NEW YORK ( TheStreet) -- It is hard not to ignore the latest spurt of fund closures hitting the ETF industry.In the time since the SPDR S&P 500 ETF ( SPY) first appeared on the scene in the early 1990s to today, the exchange-traded fund industry has exploded in popularity. Today, with funds such as Market Vectors Steel ETF ( SLX), iShares Gold Trust ( IAU) and PowerShares DB Agriculture Fund ( DBA), investors can efficiently tap into not only broad markets, but also individual slices and subsectors of the economy. ETFs have also opened the doors to the global economy, with funds such as iShares MSCI Taiwan Index Fund ( EWT) and Market Vectors Brazil Small Cap ETF ( BRF). While many of these funds have proven attractive to retail investors, there is a large number of ETFs which have failed to generate interest. Recently, a number of fund companies such as Guggenheim and Grail have made efforts to trim their fat, dropping select products from their line ups. At the same time, other ETF sponsors such as Geary Advisers and Old Mutual have closed the door on their entire ETF families, abandoning the industry altogether. Throughout this Darwinian period, companies have taken two separate approaches to closing their products: closing and restructuring. As more cuts are made in the future investors should know how each process works. PowerShares is the most recent of these firms to take the axe to its fund family. This week, the firm announced that it would close 10 of its least popular products. Some of the funds up for execution include the PowerShares Nasdaq-100 Buy Write Portfolio ( PQBW) (PQBW), the PowerShares Global Biotech Portfolio ( PBTQ), and the PowerShares Dynamic Healthcare Services Portfolio ( PTJ). Each of these funds has struggled to generate interest, boasting average trading volumes under 20,000. According to its press release, the PowerShares products will follow a similar closing protocol as most other closed funds. On Dec. 14, the 10 funds slated for execution will cease trading. Up until this date, investors will be free to trade these funds in a normal fashion. Those who do not sell their shares on or before Dec. 14 will receive a cash distribution equal to the net asset value on Dec. 22, which is the funds' scheduled liquidation date. The biggest trouble with this closing procedure is that between the fund's closure and liquidation, investor money will be tied up. While PowerShares is taking a traditional approach to closing unpopular products, there is another way companies have opted for in order to drop funds. This second process involves restructuring an old product into something entirely new.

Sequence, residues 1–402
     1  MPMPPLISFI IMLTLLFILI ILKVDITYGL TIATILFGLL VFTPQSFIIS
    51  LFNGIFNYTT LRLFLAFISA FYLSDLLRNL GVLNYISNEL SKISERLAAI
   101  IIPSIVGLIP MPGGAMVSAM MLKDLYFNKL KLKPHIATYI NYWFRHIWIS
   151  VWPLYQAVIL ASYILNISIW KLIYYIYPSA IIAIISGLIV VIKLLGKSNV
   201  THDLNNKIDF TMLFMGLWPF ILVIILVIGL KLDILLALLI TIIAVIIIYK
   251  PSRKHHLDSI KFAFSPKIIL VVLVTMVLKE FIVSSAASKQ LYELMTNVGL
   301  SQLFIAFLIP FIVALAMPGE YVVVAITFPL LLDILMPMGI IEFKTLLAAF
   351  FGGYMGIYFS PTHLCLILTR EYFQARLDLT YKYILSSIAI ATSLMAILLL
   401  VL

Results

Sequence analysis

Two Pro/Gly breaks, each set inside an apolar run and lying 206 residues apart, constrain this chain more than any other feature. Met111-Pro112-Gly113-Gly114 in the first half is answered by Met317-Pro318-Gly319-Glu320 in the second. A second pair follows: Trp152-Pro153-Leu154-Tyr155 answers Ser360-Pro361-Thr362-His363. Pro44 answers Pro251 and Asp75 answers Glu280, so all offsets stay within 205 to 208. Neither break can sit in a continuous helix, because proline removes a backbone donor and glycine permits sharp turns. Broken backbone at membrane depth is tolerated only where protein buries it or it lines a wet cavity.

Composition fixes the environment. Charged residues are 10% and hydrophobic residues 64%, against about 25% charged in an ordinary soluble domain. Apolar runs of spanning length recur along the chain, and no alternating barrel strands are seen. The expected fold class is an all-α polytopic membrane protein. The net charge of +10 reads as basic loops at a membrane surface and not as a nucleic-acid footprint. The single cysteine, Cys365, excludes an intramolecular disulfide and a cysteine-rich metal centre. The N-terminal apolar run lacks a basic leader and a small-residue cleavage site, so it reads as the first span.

Claymore, now known as Guggenheim, recently went down this route when it announced its plans to change Claymore/Sabrient Stealth ETF ( STH) into the Wilshire Micro-Cap ETF ( WMCR). The company could have closed STH and launched WMCR. However, the firm instead opted to change STH's underlying index, name, and ticker symbol, thereby completely altering the fund's focus. There was no need to halt STH's trading or liquidate fund's assets. One day investors were holding STH and on the next, WMCR appeared in its place. While investors do not have to worry about remembering closure dates or having their money being tied up in this scenario, this unique type of fund closure can also cause troubles. For instance, in the event that an unprepared STH investor was also holding a fund such as the First Trust Dow Jones Select MicroCap Index Fund ( FDM), the investor could get caught with overexposure to this volatile part of the market when STH turned into WMCR. The recent spell of fund closures hitting the ETF industry has brought to light the importance of avoiding unpopular, illiquid funds which stand the greatest risk for shuttering. However, in the event that you are caught holding a product that gets slated for execution, it's possible to avoid headaches by paying close attention to how the fund's closure progresses. Written by Don Dion in Williamstown, Mass.
Readers Also Like: